Eventually, Dan decided to move to Los Angeles to pursue drum instruction at M.I. I was pretty bummed about it, because I had lost both a good friend and a tremendous drummer. I was going to dissolve the band and quit music altogether, until a number of people came forward with interest in playing in Northless with me. I decided that I would give one last shot, and ask some of my favorite musicians in the city to play with me. I asked Nick to play guitar, and John Gleisner to play drums. They both agreed. John Grant, a great pal and musician, asked to play bass and of course I was thrilled to have him in the band.

This became the lineup that wrote and recorded the “Clandestine Abuse” LP. Shortly after the record was done, John Grant decided to quit the band and move to California (notice a theme yet?) to pursue his new career. We had no bass player and kinda panicked. Our good friend Jerry Hauppa (amazingly talented guitarist of Concentric, Bled Awake, tons of others...) decided to fill in for us on bass until we found a replacement. One year, a couple tours, and some ape jokes later, and Jerry decided to join our band for real in Fall 2011.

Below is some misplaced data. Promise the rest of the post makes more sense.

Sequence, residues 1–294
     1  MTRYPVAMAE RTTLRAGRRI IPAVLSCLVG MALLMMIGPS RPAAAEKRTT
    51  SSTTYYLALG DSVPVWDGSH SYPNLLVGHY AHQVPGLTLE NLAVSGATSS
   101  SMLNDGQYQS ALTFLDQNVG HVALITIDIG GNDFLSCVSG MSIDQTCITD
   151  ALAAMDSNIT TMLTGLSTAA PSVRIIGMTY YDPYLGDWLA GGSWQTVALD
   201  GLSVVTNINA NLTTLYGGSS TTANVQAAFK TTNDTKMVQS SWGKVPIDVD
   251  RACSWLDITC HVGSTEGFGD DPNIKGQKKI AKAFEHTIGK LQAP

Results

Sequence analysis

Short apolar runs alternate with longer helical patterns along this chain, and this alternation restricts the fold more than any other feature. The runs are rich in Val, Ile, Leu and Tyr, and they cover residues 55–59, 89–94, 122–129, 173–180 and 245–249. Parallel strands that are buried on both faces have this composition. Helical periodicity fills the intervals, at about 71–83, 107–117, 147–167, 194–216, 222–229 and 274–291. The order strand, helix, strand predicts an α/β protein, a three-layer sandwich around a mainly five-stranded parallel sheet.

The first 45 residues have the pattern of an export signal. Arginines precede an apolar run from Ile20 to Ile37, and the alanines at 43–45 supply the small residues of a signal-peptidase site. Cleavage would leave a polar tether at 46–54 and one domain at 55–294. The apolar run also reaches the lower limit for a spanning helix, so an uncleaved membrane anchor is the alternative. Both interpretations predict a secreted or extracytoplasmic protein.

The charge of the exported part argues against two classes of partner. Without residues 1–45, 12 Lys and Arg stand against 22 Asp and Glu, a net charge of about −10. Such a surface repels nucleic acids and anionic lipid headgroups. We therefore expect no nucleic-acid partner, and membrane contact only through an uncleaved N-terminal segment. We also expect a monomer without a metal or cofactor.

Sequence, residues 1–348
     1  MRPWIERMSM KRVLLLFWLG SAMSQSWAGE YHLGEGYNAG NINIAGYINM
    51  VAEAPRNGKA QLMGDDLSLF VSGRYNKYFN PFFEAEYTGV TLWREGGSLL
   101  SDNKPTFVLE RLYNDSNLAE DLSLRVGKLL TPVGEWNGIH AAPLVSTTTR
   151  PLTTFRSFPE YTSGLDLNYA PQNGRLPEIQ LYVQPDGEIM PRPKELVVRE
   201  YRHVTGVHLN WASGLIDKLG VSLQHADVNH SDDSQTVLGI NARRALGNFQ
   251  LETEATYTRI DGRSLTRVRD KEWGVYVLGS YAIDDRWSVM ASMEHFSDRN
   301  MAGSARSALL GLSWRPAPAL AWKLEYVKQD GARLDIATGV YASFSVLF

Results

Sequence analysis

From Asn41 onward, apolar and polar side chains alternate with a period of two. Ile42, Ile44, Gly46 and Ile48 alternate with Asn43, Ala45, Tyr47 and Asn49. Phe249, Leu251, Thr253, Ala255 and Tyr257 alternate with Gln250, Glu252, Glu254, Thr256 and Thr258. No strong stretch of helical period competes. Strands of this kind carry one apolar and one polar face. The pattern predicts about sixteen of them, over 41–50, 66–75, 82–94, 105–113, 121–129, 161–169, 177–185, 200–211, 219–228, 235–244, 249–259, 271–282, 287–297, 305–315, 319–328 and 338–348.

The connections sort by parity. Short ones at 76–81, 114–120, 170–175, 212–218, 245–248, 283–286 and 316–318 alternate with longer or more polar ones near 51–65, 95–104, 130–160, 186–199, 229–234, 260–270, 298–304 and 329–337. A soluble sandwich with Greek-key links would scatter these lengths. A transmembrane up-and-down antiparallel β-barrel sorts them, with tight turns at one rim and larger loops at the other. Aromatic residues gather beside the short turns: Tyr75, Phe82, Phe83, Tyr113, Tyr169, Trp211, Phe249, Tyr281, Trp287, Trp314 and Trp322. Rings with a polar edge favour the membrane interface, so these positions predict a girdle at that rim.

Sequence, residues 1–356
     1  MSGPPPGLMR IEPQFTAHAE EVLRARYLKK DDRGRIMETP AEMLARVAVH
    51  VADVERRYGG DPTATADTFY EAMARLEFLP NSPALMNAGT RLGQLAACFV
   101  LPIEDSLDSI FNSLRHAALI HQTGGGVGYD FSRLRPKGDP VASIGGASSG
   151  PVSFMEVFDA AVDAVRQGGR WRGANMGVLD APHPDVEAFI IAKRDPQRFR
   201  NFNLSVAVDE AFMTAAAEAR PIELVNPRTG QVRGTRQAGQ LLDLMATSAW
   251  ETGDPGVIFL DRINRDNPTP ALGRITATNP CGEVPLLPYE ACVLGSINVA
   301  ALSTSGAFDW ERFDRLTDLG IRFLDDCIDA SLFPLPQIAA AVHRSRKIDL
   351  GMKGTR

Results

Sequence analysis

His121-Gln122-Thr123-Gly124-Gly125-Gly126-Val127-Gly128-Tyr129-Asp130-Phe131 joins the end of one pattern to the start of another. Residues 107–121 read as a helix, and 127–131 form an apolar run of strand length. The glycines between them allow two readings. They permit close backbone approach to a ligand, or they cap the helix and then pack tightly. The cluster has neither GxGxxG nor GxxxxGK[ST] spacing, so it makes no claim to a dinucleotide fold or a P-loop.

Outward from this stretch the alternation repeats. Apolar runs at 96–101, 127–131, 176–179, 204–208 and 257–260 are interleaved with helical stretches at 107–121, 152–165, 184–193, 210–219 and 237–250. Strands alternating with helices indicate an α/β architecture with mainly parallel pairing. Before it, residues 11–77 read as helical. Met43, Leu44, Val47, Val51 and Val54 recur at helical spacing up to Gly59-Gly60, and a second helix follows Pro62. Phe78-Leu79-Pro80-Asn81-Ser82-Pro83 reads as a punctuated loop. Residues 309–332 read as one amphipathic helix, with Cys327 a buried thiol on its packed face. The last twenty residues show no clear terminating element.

...which pretty much brings us to now!

Anyone who has ever set foot in a band setting knows the hardship of finding and keeping a competent drummer, let alone someone of Dan Opgenorth's caliber. That guy is a beast. I'm sure it was a nightmare trying to find a drummer with a fraction of his talent, what was it like filling his shoes? How on earth did you find on John Gleisner? He seemed like an unlikely match, but Jesus H. Christ – he's a machine! (I saw him play an entire set with mono. He was pouring buckets of sweat and looked like he was going to literally die in front on me, but he was relentless and driven and he never missed a beat. Impressive would be an understatement)

Dude, you pretty much said it all right there. As I mentioned, I was bummed and of course worried about finding even a passable replacement for Dan when he left, because that guy had a style like few drummers I'd ever played with. He was so in-the-pocket and hard hitting. He played the songs we wrote together extremely well, and was a great friend on top of that. Hopefully someday I'll see him again...

However, it didn't take me long to realize that John Gleisner not only filled his shoes, but wore an entirely different set of shoes that I think has served the band even better overall. John used to play in the band Mahogany Throttle, who were an excellent local Milwaukee prog/math rock band. I remember having wanted to play with them so many times when I was in Vacations, but it never worked out. I also remember downloading a shitload of their tunes for free off their website years ago, and driving around in my car jamming to them.